Statement by Nicholas Stern on Cancún agreement

Posted on 11 Dec 2010 in

Commenting on the outcome of the negotiations at the United Nations climate change conference in Cancún, Mexico, Nicholas Stern, chair of the Grantham Research Institute on Climate Change and the Environment and the Centre for Climate Change Economics and Policy at the London School of Economics and Political Science (LSE), said: “This is a modest but significant outcome that provides a good platform for progress towards next year’s United Nations climate change conference in Durban, South Africa, where a strong international agreement could emerge. The outcome covers the key areas of tackling deforestation, adapting to the impacts of climate change, advancing the development of low-carbon technologies and providing financial support for developing countries. Although the negotiations over national actions to reduce greenhouse gas emissions have been difficult, this conference has consolidated the pledges that have been made earlier this year in association with the Copenhagen Accord.

“Overall, we have seen some progress on all the key elements of an eventual agreement. This summit has allowed mutual confidence to be built between countries in a much stronger spirit of cooperation than we saw in Copenhagen last year.

“This year has seen strong progress in plans for low-carbon development in key countries in all continents. The actions outlined in China’s 12th five-year plan, and the national plans of the Republic of Korea, Mexico, Indonesia, Ethiopia and many other developing countries provide important and credible examples of the way forward. Each is tailored to its own circumstances, but all are driven by the attraction of the new energy and industrial revolution and the prospects for sustainable low-carbon economic growth. And it should be remembered that these countries have voluntary, not binding agreements. Some of the developed countries which as a group, with the exception of the United States, do have binding commitments are also making strong progress, such as Sweden and Denmark, although others, such as Canada, are not.

“Progress on national policies and plans, international policy and investments is mutually reinforcing. Hesitation in one area slows action on the other two. Confidence and strong examples of investments can create more confidence for the making of national and international policy. Thus, it is a serious mistake to argue that climate change could be managed effectively through a bottom-up approach alone based only on country-by-country domestic actions carried out in isolation. This summit will help build the necessary confidence in international policy that can boost both national policies and investment. And progress towards the low-carbon economy in both the private sector and national planning has enhanced the spirit of international collaboration. In this sense, the bottom-up and top-down processes reinforce each other.

“Progress has been achieved here over the past couple of weeks, and during the year, because there has been a much more positive atmosphere, with less hype and more realistic expectations about the prospects for agreement. The Mexican government, and President Calderón and Foreign Minister Espinosa in particular, deserve great credit for creating a constructive process that embodies the spirit of cooperation that lies at the heart of the United Nations Framework Convention on Climate Change. They clearly learned from the experience of Copenhagen last year where a small group dominated by the rich countries attempted to dictate the terms of an agreement to the rest of the world. Instead, we have seen a spirit of mutual confidence-building. Part of this mutual confidence arises from the increasing recognition that low-carbon growth is the only way to respond to the two defining challenges of our century, which are managing climate change and overcoming world poverty. If we fail on one, we fail on the other.”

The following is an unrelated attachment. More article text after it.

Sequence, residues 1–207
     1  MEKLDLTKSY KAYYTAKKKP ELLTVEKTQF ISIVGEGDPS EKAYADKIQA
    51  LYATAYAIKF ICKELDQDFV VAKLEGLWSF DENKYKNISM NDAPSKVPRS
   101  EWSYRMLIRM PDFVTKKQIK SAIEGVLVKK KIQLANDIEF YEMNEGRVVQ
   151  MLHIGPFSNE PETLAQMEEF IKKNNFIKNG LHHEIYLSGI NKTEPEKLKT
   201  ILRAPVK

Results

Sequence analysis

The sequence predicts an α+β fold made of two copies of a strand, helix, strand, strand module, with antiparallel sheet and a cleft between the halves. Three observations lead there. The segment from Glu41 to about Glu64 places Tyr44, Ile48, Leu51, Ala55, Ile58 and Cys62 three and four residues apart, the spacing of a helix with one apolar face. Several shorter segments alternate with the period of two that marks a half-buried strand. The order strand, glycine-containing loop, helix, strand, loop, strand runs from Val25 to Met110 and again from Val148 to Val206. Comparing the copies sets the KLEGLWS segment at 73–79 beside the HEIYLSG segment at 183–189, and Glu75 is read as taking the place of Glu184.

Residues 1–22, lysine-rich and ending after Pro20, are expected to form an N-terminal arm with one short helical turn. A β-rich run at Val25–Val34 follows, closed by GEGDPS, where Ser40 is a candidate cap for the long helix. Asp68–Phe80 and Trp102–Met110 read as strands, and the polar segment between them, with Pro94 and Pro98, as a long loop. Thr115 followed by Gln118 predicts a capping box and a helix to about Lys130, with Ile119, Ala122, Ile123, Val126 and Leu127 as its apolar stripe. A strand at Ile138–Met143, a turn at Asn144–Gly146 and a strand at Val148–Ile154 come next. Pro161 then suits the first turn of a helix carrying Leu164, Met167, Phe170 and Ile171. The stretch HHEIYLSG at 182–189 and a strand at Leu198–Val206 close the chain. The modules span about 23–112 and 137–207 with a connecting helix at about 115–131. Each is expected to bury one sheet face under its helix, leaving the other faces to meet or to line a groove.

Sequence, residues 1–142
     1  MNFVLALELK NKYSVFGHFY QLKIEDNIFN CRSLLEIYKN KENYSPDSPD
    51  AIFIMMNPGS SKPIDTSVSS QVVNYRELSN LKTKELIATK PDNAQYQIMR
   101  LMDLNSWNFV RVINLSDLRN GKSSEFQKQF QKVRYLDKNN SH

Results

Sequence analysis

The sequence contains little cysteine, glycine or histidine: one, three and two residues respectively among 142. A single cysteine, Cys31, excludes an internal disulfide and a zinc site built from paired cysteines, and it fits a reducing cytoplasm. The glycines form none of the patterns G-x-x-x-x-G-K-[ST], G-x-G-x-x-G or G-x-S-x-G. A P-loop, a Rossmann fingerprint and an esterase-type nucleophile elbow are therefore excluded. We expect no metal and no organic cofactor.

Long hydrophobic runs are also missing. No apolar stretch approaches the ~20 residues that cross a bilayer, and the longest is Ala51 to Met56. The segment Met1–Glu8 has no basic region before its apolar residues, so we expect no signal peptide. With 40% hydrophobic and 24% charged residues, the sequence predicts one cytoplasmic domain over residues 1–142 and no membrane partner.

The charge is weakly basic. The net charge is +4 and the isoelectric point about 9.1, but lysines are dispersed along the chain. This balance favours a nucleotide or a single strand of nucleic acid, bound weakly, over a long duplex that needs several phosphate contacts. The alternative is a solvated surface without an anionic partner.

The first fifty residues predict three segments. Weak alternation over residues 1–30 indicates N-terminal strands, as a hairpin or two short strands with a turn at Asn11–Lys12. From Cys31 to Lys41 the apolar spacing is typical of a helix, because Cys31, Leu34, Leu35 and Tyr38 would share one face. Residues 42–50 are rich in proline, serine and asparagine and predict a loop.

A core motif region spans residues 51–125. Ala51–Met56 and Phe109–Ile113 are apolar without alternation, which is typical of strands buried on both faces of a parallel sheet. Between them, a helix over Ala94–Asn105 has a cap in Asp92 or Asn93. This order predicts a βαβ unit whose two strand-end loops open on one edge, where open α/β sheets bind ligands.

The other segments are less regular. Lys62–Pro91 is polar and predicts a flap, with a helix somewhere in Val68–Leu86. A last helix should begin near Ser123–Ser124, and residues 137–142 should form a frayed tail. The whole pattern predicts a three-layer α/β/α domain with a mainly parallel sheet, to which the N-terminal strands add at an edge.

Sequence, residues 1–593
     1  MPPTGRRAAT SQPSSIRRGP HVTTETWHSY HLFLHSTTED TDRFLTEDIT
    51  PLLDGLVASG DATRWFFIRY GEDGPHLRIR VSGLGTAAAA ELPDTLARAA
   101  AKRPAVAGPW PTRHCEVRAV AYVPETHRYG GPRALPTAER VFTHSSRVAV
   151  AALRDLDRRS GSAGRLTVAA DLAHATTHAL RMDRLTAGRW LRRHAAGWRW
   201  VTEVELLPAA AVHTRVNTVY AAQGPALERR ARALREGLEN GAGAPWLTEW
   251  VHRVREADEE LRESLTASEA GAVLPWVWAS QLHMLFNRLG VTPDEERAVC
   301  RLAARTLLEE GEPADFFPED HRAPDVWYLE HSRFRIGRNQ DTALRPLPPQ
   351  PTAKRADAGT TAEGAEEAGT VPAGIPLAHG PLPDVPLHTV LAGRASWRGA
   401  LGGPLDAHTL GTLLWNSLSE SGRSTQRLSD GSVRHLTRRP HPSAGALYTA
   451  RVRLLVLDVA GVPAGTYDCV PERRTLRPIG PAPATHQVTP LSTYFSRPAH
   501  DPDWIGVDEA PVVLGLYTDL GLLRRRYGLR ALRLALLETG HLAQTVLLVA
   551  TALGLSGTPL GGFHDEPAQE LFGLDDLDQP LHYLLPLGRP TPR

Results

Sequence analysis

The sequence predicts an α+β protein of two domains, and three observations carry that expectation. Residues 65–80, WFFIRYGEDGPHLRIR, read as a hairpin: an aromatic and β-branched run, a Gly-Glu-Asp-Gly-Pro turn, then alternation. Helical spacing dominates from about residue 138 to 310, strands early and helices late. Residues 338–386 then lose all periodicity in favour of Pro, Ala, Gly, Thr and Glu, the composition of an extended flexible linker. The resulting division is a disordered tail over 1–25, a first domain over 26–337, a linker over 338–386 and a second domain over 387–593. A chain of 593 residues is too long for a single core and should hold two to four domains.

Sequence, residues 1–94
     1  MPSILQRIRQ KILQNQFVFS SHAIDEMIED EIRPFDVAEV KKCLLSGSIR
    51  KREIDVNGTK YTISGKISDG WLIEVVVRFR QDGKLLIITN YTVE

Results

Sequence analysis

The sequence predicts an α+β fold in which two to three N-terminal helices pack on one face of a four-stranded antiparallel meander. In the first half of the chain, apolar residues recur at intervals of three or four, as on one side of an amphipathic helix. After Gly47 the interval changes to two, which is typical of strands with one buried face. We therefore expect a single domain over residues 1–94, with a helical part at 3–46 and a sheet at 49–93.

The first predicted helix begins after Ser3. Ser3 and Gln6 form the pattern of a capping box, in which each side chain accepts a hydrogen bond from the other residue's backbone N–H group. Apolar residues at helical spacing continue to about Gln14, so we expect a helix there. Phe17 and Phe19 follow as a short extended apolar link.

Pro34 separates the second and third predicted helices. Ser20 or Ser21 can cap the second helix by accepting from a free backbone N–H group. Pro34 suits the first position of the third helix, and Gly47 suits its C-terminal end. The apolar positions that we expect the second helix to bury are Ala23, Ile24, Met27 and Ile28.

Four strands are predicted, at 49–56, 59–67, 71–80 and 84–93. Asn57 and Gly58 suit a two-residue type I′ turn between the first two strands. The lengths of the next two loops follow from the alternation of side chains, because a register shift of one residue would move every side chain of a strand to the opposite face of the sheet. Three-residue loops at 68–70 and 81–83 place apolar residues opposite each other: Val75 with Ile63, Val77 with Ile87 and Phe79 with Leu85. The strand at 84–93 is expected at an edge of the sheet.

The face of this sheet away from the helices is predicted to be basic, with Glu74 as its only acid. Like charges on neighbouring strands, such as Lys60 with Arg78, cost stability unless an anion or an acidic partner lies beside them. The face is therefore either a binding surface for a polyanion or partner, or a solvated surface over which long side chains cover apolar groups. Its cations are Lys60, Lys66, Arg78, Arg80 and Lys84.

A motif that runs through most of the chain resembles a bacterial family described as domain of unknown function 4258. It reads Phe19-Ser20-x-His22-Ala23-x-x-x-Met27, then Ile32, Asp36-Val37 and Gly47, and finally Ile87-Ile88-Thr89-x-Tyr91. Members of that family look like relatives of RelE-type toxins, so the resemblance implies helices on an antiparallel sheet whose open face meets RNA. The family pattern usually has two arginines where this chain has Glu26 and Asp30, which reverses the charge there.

Notes for Editors

  1. Nicholas Stern was Second Permanent Secretary at HM Treasury of the UK Government between 2003 and 2007. He also served as Head of the Government Economic Service, head of the review of economics of climate change (the results of which were published in ‘The Economics of Climate Change: The Stern Review’ in October 2006), and director of policy and research for the Commission for Africa. His previous posts included Senior Vice-President and Chief Economist at the World Bank, and Chief Economist and Special Counsellor to the President at the European Bank for Reconstruction and Development. He was recommended as a non-party-political life peer by the UK House of Lords Appointments Commission in October 2007. Baron Stern of Brentford was introduced in December 2007 to the House of Lords, where he sits on the independent cross-benches.
  2. Lord Stern is Chair of the Grantham Research Institute on Climate Change and the Environment, which was launched at LSE in October 2008. It is funded by The Grantham Foundation for the Protection of the Environment. Lord Stern is also Chair of the Centre for Climate Change Economics and Policy, which is hosted by the University of Leeds and LSE jointly. He is also Director of the India Observatory and the Asia Research Centre at London School of Economics and Political Science.